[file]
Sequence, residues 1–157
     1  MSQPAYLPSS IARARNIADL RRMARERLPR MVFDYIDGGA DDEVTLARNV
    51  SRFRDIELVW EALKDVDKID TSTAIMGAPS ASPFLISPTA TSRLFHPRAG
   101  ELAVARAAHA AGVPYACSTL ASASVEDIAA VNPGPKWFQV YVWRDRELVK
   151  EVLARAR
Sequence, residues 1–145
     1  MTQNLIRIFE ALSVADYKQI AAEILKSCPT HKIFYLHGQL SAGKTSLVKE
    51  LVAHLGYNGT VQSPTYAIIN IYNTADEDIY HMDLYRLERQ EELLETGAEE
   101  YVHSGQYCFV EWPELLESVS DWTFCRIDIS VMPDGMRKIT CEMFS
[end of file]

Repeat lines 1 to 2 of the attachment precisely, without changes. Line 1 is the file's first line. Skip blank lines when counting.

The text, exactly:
Sequence, residues 1–157
     1  MSQPAYLPSS IARARNIADL RRMARERLPR MVFDYIDGGA DDEVTLARNV